Seattle drivers are far from the nation’s safest behind the wheel, according to an annual report from Allstate Insurance Company. And they’re getting worse. Among the nation’s 200 largest cities, Seattle drivers ranked 154th in terms of their risk for a collision. Seattle drivers average one crash every 7.9 years, which is 27 percent more likely than the national average.
Seattle also slid seven spots from its 147th-safest driving city rank in the 2011 report, when Emerald City drivers had one crash every eight years. In 2009, they had one crash every 8.3 years.
The report is based on two years of Allstate claims data and ranks cities in terms of the frequency of crashes.
Sioux Falls in South Dakota earned top honors as “America’s Safest Driving City,” the fifth time the city has held the top spot. This was the eighth year that All State has published the report. Tucson, Ariz., had the best drivers among cities with 500,000 to 749,000 population, with drivers 16 percent less likely to get in a crash than the national average. Portland had a slightly better average than Seattle-one collision every 8 years. That put Portland at 151st. Spokane ranked 43rd, with one collision every 10 ½ years.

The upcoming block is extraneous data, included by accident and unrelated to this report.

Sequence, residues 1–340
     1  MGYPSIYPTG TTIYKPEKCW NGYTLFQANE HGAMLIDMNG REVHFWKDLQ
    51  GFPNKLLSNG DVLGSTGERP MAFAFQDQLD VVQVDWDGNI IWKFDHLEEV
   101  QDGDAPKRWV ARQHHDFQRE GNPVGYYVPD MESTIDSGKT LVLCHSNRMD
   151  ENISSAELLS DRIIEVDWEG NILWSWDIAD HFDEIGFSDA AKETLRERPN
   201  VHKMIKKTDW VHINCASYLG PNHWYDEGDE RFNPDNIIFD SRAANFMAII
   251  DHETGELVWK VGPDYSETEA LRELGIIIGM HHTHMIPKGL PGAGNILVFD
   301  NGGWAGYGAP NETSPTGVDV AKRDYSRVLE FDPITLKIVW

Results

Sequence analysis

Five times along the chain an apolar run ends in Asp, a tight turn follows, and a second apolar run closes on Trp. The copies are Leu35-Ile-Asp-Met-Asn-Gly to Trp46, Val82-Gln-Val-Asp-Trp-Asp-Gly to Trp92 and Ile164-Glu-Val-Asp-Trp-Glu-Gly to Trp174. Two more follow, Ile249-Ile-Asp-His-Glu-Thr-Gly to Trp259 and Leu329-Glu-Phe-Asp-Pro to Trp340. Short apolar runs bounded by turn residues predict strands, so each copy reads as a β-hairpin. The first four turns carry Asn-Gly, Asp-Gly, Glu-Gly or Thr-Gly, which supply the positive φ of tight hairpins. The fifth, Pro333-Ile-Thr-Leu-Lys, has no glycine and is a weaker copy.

Seattle drivers can take some solace. The streets in Seattle are safer than in the nation’s capital, where D.C. drivers had the worst ranking with an average of one crash every 4.7 years-112 percent worse than the national average.
These crashes lead to an average of 26 traffic fatalities per year in the city. In response, Mayor Mike McGinn announced Wednesday a campaign to eliminate traffic fatalities and serious injuries in the city by 2030. The announcement was made across the street from PATH, the global-health organization where cyclist Michael Wang worked and commuted by bike from his Shoreline home before he was killed by a hit-and-run-driver a year ago.
Of the average 26 traffic fatalities in the city per year, 11 of those are pedestrians and two are bicyclists. Last year, four bicyclists were killed. Ten times as many people are seriously injured in crashes. The leading causes of traffic crashes are impaired driving, distracted driving and speeding.
The Seattle Department of Transportation will spend about $100,000 on the road-safety campaign. An additional $410,000 the city has secured in grants will go toward education and enforcement through 2014. The Seattle Police Department plans four safe-driving patrols in September and October on Capitol Hill and in Rainier Valley in areas with speeding problems. The city also will install four new traffic cameras to enforce speed zones around schools.